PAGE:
A DGSOM student's late husband benefited from blood donations - now she's calling on her peers to donate for others

Blood donations kept Ryan Sebastian alive long enough to meet his newborn son.
While Caitlin Sebastian was waiting around in the hospital during her late husband’s hours-long chemotherapy sessions, she decided to fill her time with a worthwhile cause: donating blood.

At the time, Sebastian didn’t realize blood donations such as hers can extend patients’ lives long enough to reach milestone moments. Indeed, because of donations, her husband lived long enough to meet their premature baby.

In 2015, Sebastian and her husband, Ryan, were East Coast transplants living and working in Los Angeles. Ryan went to the hospital for what he thought was a shoulder injury but an X-ray revealed he had osteosarcoma - a type of cancer that forms in the bones - with an 80% chance of survival over five years.

After the diagnosis, the couple moved back to Massachusetts, and for a year Ryan underwent chemotherapy at the Dana Farber Cancer Institute. They returned to California after Ryan completed treatment, but visited Boston two months later so Sebastian could run the Boston Marathon to raise money for the hospital that took care of her husband.

The marathon was supposed to be an end-of-treatment celebration, but a scan at Dana Farber revealed Ryan’s cancer had spread throughout his body. Knowing that his cancer was terminal, Ryan wanted to stay in Los Angeles to be close to his job at SpaceX throughout the rest of his treatment. He was referred to UCLA Health to be treated by Dr. Arun Singh, a sarcoma oncologist that trained at Dana Farber, for the remaining 14 months of his life.

A calling

Ryan Sebastian (Photo courtesy of Caitlin Sebastian)

Well aware of his terminal diagnosis, Ryan was so passionate about his job at SpaceX working was how he wanted to spend his limited time. In fact, he worked up until the week before his death. A real estate agent, Sebastian could not say the same about her work.

“Had I got the same diagnosis, I would not have continued to work so it was really important to me to find my life’s calling,” Sebastian said. She was ready to embark upon a career change.

After spending hours in the hospital during Ryan’s three-year treatment and seeing the great care he received, Sebastian was inspired to pursue a path in medicine and moved back home to Massachusetts. Taking the science courses required for a medical school application and working in cancer research at Dana Farber was no easy feat for a single mom.

Still, Sebastian said the classes, shadowing doctors, and teaching chemistry at Harvard never felt like work, which was validation that she had chosen the right path. She’s now a first-year medical student at the David Geffen School of Medicine at UCLA.

In the nick of time

During Ryan’s last days, his organs were failing, his blood oxygen was low, and his respiratory rates were abnormal. But he was able to meet his newborn son, Charlie, and, at the moment they met, his respiratory rate returned to a stable range.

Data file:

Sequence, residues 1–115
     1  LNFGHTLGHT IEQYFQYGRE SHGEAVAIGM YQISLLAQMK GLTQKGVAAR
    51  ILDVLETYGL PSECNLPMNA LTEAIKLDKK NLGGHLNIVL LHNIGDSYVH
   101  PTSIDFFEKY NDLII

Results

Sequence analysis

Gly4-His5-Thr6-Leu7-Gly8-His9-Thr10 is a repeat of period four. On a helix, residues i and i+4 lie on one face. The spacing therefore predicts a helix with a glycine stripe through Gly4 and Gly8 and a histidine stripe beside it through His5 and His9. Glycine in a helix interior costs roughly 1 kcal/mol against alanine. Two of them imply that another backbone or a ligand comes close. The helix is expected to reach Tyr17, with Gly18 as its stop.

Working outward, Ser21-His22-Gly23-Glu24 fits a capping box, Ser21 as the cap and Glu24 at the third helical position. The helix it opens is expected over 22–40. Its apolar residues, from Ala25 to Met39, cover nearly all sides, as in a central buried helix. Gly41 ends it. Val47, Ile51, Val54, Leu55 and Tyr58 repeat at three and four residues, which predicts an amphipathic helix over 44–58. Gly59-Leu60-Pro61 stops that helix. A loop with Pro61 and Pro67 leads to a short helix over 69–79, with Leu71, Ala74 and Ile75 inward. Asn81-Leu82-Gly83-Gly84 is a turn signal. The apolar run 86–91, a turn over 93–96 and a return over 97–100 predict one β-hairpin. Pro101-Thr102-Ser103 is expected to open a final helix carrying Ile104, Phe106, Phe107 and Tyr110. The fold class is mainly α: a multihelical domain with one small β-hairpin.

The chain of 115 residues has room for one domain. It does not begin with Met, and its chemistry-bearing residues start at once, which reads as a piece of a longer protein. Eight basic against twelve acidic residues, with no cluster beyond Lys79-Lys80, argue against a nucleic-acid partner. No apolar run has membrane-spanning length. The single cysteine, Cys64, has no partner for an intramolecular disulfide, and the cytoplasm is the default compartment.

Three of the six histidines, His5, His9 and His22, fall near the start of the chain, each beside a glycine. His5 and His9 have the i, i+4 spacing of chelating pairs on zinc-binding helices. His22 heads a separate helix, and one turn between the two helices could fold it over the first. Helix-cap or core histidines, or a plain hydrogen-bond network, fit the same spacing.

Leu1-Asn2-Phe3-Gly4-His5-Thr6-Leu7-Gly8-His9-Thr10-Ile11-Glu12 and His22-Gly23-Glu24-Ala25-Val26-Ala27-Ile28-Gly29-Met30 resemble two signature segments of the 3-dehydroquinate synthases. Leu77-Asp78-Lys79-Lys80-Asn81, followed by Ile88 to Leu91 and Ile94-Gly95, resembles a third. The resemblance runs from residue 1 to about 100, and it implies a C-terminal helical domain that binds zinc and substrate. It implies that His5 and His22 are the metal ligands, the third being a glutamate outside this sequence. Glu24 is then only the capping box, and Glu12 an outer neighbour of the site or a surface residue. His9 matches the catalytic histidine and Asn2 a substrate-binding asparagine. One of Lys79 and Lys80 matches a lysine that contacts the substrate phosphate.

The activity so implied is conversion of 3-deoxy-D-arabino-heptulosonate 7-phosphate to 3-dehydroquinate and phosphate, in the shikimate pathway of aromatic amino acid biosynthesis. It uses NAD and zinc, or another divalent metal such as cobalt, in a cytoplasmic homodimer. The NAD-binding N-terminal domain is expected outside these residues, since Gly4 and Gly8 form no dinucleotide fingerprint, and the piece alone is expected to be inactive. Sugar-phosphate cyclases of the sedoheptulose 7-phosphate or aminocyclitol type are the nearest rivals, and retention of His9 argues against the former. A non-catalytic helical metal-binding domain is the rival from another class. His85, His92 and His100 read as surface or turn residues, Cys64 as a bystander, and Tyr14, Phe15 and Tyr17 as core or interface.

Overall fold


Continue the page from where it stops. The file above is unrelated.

“You can see the calm and peace that getting to meet Charlie brought him, like meeting his son was like the greatest accomplishment of his life,” Sebastian said.

Why blood donations are critical

Patients with cancer rely on blood transfusions for an array of reasons. Sometimes, they have lost blood during surgery, or chemotherapy can damage bone marrow, which causes low blood cell counts. Patients that have experienced a major accident or have a blood disorder are also in need of blood transfusions.

Sebastian is hoping her husband’s story will inspire people to donate, especially given there was a national blood shortage earlier this year.

Charlie Sebastian (Photo courtesy of Caitlin Sebastian)
When Sebastian worked at Dana Farber, she continued to donate blood regularly and encouraged her colleagues to do the same. Now, she’s inspiring her fellow classmates by sharing how blood donations were pivotal in prolonging Ryan’s life long enough to meet his son.

While listening to a lecture about blood donation medicine, which is how to match blood donors with recipients, Sebastian got the idea to organize a blood drive among her medical student peers.

“So many of us would donate if it was organized and it was easy,” Sebastian said. According to the American Red Cross, 6.8 million people in the U.S. donate annually.

With the help of other medical students Melissa Lopez, Martin Ramirez, Aboubacar Cherif and Adeline Lee, the first blood drive is set to take place on Friday, Jan. 13, from 11 am– 4 pm, at Geffen Hall 122. Sebastian has plans to organize another drive in April, in honor of Ryan’s birthday.

Kelsie Sandoval is the author of this article.

For more information on donating blood, visit the UCLA Health Blood & Platelet Center.